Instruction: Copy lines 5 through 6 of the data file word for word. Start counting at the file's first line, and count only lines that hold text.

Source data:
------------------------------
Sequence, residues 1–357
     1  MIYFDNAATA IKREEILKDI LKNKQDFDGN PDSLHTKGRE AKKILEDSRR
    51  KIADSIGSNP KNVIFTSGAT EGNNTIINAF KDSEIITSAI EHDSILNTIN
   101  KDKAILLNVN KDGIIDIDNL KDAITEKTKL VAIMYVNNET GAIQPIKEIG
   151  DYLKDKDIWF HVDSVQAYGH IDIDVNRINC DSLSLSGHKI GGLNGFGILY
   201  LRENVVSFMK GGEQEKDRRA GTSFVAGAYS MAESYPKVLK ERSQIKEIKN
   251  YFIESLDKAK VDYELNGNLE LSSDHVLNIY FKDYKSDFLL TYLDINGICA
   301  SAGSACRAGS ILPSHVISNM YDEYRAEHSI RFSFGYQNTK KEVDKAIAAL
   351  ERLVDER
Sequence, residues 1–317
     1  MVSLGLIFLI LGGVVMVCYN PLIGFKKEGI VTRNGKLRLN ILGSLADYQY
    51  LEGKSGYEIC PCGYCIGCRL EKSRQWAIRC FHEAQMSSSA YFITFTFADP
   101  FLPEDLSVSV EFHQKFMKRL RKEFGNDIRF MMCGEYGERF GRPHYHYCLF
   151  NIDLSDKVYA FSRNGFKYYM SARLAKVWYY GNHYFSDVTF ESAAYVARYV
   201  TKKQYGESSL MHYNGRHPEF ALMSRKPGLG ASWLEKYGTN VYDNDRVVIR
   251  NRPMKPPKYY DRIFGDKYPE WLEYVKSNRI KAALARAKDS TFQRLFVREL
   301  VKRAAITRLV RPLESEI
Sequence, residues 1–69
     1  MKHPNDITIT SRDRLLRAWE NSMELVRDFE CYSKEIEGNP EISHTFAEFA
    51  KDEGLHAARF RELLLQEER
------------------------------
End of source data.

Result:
   151  DYLKDKDIWF HVDSVQAYGH IDIDVNRINC DSLSLSGHKI GGLNGFGILY
   201  LRENVVSFMK GGEQEKDRRA GTSFVAGAYS MAESYPKVLK ERSQIKEIKN